Spotify Takes On Apple’s Anti-Competitive Behavior in Europe

Photo: Drew Angerer/Getty Images

Music-streaming service Spotify has filed a formal complaint against Apple this week, claiming that the iPhone maker has violated E.U. competition rules by using numerous tactics to try and ice out competitors. The announcement also comes with a spiffy new Spotify-branded site called Time to Play Fair.

“In recent years, Apple has introduced rules to the App Store that purposely limit choice and stifle innovation at the expense of the user experience — essentially acting as both a player and referee to deliberately disadvantage other app developers,” Spotify CEO Daniel Ek wrote in a statement. “After trying unsuccessfully to resolve the issues directly with Apple, we’re now requesting that the [European Commission] take action to ensure fair competition.”

The primary issues here are the 30 percent cut that Apple takes from almost every transaction that goes through its system, and the alleged preferential treatment that Apple gives to its first-party streaming option (and direct competitor to Spotify), Apple Music.

The 30 percent cut has long been a sticking point for app providers and Apple. The most prominent example is Apple’s standoff with Amazon over Kindle e-books, which it wanted a cut of. As a result, for the past few years, it has been impossible for users to buy Kindle books directly through the iOS app. Complicating things, there are plenty of transactions that flow through iOS that Apple doesn’t extract it’s 30 percent from — rideshare services and food delivery apps, for instance (the most obvious distinction is that these apps facilitate physical purchases, not just the purchase of digital goods and services).

Spotify Premium costs ten euros, but when offering subscriptions through in-app purchases, the price went up to 13 euros. Spotify passed the so-called “Apple tax” onto consumers. A case currently before the Supreme Court in the U.S., Apple v. Pepper, is also related to whether consumers can sue a company over the passed-on costs. Spotify no longer allows users to subscribe directly through iOS — and Apple’s policies prevent the company from telling users how to subscribe through other portals.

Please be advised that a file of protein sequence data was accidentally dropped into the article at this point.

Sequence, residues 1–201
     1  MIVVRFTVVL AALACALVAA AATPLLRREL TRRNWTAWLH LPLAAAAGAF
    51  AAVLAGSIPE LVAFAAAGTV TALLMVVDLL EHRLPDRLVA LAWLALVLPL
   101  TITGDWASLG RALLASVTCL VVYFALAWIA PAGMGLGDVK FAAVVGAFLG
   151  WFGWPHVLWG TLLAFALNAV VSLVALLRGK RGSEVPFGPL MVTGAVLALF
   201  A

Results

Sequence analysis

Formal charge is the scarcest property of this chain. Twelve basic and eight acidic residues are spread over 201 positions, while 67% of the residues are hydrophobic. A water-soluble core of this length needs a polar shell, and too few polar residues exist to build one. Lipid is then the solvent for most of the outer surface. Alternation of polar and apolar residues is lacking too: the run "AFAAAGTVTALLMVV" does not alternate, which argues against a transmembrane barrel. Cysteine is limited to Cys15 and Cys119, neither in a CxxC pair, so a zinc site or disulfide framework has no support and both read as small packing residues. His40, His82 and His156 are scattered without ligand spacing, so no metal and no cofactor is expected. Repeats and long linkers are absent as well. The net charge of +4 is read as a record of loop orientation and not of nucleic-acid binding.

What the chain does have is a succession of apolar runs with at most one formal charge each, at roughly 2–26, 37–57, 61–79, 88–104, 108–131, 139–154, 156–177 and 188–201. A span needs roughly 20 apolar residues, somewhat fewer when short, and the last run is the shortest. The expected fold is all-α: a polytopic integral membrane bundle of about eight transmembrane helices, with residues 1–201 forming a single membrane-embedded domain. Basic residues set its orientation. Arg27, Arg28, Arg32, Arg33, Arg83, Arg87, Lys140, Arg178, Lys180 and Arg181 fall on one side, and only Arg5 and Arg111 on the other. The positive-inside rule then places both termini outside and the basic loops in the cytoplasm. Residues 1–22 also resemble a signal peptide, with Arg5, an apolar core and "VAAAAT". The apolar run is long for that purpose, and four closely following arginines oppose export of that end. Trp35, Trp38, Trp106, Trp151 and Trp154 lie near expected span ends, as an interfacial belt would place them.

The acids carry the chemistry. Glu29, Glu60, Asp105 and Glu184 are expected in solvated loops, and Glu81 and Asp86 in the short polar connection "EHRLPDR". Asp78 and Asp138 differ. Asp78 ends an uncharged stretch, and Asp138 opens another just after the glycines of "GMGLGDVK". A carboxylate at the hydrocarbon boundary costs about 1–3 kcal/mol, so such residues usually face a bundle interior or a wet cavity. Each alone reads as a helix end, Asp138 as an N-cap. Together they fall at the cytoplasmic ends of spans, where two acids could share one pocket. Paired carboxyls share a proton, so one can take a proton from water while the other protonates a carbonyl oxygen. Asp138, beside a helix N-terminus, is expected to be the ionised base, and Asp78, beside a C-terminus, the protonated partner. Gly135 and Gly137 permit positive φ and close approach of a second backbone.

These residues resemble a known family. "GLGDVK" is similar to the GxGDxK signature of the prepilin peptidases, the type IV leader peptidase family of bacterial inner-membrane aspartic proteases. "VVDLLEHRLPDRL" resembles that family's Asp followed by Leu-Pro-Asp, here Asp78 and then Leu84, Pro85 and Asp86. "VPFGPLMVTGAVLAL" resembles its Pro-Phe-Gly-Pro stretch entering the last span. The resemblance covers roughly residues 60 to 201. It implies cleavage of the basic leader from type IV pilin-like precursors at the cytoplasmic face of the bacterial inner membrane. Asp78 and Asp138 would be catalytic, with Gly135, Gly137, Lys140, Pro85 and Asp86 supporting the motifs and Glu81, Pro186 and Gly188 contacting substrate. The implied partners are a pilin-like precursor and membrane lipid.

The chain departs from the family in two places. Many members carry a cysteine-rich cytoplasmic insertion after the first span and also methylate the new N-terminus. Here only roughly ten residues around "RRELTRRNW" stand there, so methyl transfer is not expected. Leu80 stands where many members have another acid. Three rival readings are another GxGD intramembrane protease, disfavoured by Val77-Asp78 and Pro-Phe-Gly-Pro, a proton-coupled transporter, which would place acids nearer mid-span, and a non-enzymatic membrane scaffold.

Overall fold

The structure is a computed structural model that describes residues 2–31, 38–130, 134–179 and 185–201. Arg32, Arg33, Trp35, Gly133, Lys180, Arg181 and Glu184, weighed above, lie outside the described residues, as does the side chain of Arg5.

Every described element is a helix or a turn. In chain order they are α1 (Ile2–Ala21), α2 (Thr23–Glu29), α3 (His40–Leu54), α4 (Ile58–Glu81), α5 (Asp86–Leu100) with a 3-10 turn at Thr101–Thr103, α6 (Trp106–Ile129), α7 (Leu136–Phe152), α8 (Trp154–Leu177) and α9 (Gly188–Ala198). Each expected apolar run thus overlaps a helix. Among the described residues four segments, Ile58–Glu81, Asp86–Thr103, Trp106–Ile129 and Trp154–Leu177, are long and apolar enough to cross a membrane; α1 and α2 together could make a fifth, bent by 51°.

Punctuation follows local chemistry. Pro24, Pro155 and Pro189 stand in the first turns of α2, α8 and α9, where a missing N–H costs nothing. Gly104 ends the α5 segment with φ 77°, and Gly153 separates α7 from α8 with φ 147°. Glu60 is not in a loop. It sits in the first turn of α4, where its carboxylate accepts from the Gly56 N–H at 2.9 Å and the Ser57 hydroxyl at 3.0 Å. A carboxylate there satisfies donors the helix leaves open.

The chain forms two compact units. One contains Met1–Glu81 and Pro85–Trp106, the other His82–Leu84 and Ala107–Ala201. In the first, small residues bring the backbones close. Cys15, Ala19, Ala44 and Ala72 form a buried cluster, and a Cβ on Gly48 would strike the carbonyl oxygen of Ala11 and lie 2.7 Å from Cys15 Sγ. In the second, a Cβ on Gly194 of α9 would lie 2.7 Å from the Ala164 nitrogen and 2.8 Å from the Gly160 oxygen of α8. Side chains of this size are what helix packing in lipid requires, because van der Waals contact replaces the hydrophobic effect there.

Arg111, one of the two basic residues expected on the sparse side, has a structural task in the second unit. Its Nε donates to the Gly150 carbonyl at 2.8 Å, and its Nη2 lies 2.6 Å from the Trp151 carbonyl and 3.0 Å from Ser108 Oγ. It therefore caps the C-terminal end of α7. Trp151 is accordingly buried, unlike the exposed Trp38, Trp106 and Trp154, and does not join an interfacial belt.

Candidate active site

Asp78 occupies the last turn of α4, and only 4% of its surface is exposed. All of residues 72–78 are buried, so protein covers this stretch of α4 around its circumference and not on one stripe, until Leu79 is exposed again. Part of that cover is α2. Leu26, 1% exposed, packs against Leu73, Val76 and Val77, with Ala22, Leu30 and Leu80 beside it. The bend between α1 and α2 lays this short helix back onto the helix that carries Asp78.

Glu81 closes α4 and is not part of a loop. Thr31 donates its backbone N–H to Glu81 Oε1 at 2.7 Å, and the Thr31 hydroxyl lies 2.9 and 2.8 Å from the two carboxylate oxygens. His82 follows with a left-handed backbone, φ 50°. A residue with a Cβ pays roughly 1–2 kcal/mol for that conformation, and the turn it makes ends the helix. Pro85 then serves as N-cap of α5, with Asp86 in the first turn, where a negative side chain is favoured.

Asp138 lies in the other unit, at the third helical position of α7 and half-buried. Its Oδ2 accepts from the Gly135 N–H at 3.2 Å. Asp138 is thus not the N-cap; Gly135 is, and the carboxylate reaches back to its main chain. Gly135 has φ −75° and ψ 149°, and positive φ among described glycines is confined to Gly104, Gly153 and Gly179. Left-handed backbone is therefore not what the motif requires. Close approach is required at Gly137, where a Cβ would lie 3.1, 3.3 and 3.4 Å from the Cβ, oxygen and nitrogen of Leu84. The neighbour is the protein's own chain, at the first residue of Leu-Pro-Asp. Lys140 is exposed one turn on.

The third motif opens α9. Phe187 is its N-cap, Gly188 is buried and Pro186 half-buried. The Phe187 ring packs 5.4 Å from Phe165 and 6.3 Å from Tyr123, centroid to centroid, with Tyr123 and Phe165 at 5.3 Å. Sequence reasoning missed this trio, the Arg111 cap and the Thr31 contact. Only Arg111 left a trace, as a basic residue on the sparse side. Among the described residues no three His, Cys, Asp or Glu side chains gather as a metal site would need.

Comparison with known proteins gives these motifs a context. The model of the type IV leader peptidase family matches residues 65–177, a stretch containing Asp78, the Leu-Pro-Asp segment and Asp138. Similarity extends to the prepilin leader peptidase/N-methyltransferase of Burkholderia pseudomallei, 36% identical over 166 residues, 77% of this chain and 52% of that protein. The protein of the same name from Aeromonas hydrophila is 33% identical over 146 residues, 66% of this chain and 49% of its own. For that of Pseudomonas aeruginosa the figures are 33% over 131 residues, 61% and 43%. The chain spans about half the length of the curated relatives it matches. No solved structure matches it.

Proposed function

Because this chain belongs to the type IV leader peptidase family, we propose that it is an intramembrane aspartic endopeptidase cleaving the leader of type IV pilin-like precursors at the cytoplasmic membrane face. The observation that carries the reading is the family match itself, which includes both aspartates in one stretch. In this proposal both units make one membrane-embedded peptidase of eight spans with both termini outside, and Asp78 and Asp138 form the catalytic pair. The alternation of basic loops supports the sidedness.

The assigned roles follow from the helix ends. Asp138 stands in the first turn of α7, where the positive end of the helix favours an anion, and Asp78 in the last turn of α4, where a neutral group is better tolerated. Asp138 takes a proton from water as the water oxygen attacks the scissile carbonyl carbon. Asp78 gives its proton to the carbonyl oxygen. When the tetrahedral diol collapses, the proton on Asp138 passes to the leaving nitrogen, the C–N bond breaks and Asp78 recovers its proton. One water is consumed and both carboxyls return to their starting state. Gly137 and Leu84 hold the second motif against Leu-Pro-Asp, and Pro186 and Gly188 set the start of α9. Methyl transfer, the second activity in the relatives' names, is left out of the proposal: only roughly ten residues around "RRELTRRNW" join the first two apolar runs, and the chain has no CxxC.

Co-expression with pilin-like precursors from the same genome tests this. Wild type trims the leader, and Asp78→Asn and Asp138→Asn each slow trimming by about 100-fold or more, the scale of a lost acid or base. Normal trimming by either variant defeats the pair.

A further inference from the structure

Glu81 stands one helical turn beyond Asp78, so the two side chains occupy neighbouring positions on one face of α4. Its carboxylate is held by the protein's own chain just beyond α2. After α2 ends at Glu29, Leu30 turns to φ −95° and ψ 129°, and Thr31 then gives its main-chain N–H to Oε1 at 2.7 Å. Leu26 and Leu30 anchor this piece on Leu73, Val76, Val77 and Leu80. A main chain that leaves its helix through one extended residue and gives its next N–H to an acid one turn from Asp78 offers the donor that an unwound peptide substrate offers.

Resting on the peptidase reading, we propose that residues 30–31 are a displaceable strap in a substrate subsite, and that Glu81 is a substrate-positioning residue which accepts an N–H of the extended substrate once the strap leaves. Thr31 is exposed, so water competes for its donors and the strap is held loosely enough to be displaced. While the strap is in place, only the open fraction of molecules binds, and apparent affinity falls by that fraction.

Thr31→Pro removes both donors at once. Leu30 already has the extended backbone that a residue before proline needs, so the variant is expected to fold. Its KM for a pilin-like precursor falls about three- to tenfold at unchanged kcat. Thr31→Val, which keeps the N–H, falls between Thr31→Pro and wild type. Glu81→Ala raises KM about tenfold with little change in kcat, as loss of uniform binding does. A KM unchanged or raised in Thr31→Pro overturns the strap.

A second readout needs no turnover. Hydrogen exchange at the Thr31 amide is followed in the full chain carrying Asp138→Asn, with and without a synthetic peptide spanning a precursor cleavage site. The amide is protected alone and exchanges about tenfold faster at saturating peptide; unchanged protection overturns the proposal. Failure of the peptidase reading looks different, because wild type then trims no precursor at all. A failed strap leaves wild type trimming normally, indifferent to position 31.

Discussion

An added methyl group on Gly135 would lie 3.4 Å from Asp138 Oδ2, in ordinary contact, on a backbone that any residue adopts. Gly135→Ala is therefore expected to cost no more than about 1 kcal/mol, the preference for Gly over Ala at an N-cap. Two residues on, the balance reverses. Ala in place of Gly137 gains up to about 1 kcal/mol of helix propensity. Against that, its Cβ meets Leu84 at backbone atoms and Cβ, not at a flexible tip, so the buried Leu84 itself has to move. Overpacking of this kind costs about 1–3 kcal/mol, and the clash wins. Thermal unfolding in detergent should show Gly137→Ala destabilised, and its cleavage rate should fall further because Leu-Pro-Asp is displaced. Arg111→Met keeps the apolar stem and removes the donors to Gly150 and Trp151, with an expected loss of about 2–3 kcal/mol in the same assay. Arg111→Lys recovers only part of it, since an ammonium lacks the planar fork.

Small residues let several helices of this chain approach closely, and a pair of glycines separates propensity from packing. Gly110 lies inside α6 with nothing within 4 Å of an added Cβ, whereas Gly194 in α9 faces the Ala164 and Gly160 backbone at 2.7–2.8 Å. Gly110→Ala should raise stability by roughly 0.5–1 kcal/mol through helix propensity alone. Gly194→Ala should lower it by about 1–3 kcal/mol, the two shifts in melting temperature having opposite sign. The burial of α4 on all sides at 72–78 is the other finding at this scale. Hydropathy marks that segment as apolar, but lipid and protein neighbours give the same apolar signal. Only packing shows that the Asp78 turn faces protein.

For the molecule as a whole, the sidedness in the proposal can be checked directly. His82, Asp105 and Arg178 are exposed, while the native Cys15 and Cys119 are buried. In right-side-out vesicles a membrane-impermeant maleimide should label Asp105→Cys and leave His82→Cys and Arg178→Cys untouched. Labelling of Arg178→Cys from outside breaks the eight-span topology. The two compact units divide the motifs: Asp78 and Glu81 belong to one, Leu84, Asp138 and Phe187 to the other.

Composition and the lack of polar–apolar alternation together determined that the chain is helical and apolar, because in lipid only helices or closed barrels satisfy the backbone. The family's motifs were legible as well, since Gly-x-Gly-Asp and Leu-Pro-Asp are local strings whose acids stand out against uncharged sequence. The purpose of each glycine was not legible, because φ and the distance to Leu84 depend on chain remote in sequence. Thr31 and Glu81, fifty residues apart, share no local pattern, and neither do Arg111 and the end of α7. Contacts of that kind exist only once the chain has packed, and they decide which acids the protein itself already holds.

Spotify also contends that Apple gives its own services an unfair advantage by allowing them to violate rules third-party services must abide by, like sending push notifications offering savings, or preventing the use of iOS APIs to recommend podcasts. Apple “should not be allowed to control the communications between services and users, including placing unfair restrictions on marketing and promotions that benefit consumers,” Ek writes.

The case Ek lays out is a familiar story for anyone frustrated with the App Store, which is the only legit method for installing software on an iPhone. Spotify’s list of grievances, which the EC says it is reviewing, also mirrors much of Senator Elizabeth Warren’s recent proposal for limiting the anti-competitive behavior of big tech companies. Under her proposed rules, Apple would effectively be prevented from competing on the marketplace it runs. “Either they run the platform or they play in the store. They don’t get to do both at the same time,” Warren said at SXSW.

Spotify Takes On Apple’s Anti-Competitive Behavior in Europe